In Rome's earliest days, wives were supposed to be modest and obedient. Girls were expected to marry early, at age 13 or 14. They were given to their husbands in arranged marriages, and a wife was under her husband's complete control. He could hit her or even put her to death. Her dowry (gift from the bride's family to the groom) became his to keep.

Later on, women could control their own property and will it as they wanted. If they divorced, their dowry was usually returned to them.

Roman women had more rights and freedom than in almost any other ancient land. Although they could not hold public office or vote, they could come and go as they pleased and often wielded great power behind the scenes.


Not all children were wanted. Sickly babies were often left on a hillside to die. Parents who did not want a baby girl might leave her to the same fate.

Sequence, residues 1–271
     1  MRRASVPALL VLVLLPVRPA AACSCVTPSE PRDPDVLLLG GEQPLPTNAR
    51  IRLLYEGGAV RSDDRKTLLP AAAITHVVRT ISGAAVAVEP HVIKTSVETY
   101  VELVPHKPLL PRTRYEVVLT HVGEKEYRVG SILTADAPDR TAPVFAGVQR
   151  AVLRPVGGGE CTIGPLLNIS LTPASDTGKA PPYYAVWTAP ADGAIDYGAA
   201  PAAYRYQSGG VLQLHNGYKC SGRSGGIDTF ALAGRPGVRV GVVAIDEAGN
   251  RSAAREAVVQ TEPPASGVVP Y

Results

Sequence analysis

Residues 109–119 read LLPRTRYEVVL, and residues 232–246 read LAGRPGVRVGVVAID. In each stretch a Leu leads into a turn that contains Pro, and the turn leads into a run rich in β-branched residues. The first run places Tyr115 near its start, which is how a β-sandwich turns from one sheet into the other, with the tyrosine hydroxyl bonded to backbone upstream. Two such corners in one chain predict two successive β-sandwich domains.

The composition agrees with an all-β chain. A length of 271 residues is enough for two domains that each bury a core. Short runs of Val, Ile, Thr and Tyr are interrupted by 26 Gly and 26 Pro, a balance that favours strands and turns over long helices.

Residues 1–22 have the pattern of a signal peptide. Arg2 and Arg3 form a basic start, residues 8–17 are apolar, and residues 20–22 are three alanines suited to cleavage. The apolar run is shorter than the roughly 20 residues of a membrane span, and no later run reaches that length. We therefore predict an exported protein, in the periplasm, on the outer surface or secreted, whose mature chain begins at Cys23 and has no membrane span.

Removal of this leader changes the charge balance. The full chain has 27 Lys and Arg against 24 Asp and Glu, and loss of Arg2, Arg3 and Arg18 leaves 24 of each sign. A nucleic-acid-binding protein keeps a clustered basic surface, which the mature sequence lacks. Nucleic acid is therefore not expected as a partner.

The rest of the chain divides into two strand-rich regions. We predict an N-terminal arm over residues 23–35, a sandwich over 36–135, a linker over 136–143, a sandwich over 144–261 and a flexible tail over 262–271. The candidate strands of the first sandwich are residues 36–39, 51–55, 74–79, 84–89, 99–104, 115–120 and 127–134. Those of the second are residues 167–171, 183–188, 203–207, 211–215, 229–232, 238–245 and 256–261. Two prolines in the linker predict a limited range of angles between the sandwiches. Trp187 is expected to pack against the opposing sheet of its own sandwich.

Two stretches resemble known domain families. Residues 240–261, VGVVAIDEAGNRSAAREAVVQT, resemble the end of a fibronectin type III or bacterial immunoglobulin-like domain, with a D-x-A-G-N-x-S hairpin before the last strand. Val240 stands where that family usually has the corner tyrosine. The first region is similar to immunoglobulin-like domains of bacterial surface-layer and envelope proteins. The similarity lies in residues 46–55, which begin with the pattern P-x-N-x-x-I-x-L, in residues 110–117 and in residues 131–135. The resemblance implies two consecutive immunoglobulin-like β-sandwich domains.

But children who were wanted were given a circular charm called a bulla to ward off evil spirits. Boys wore the bulla until they were 14; girls until they married.

Roman children liked to play ball and roll hoops with a stick. They also enjoyed board games similar to backgammon, chess, and checkers.

Boys and girls between the ages of 7 and 11 went to school if their parents could afford the fee. Most schools were held in marketplaces. Students learned reading, writing, and arithmetic. The lessons were often boring and repetitive. But students paid strict attention. If they didn't, the teacher might whip or beat them.

Some older boys went on to higher education. They read Greek and Latin poetry and studied geography, history, and mythology. Most importantly, they studied public speaking-an essential skill for succeeding in public life.
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Author:Hanson-Harding, Alexandra
Publication:Junior Scholastic
Article Type:Statistical Data Included
Geographic Code:4EUIT
Date:Dec 10, 2001